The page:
PTC Web Desk: Union External Affairs Minister from India S Jaishankar has highlighted concerns about the Canadian political landscape providing significant leeway to Khalistani forces, enabling their involvement in actions detrimental to the bilateral relations between India and Canada.
In an interview with ANI, Indian Union External Affairs Minister Jaishankar emphasised how these activities, permitted within Canadian politics, adversely affect the relationship, stating "it is not in the interest of either Canada or India".
S Jaishankar clarified that the G20 summit in New Delhi was unrelated to the Khalistani issue in Canada. He pointed out that the Khalistan matter had persisted for years, distancing from speculation about other Prime Ministers.
He said diplomatic tensions between India and Canada had escalated, primarily due to a vocal pro-Khalistan lobby in Canada, posing threats to Indian diplomats stationed in the country. Canadian Prime Minister Justin Trudeau's startling allegation in the House of Commons, linking India's government to the shooting death of Sikh activist Hardeep Singh Nijjar in Surrey, BC, on June 18, added to the strain.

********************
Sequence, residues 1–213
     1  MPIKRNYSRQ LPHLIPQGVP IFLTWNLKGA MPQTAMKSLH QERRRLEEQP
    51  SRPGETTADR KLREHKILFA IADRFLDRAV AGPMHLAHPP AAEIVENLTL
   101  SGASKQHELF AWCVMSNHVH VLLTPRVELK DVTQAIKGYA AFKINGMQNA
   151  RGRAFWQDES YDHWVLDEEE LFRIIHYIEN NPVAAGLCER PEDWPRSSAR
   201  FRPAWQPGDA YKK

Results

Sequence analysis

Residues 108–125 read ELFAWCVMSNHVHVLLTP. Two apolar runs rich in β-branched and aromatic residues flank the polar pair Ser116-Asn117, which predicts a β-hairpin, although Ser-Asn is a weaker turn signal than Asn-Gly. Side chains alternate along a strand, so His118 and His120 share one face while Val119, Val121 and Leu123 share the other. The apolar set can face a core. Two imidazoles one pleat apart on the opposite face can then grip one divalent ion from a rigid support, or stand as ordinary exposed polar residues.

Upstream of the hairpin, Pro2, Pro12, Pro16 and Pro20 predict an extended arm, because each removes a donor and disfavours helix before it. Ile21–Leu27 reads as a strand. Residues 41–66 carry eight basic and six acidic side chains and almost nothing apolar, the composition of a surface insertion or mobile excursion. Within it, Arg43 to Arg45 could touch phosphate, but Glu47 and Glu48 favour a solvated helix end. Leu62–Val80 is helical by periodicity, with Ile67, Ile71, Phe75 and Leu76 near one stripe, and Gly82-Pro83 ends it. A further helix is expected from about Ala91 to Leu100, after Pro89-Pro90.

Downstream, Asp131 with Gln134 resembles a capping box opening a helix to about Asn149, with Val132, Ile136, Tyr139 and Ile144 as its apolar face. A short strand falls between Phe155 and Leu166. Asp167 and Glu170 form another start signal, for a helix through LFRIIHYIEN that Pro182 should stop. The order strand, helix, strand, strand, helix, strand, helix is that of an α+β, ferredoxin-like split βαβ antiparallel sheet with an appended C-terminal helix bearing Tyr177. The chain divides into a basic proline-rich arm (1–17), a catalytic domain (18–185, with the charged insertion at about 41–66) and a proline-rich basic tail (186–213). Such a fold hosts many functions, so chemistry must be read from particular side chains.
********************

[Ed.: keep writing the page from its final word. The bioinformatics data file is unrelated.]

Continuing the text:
This accusation followed Canada's abrupt suspension of negotiations for an Early Progress Trade Agreement, a move unexplained by Canada. India promptly refuted Trudeau's claims, terming them baseless and motivated, with the Ministry of External Affairs asserting that Canada presented no credible information to substantiate the allegations.
The strained relations echo long-standing grievances, with India accusing Canada of vote-bank politics influencing its inaction. Conversely, Canada has held that India interfered in Sikh-related affairs in North America.
Notably, the Khalistan movement remains outlawed in India, classified as a national security threat. Various groups linked to the movement are designated as "terrorist organizations" under India's Unlawful Activities (Prevention) Act (UAPA).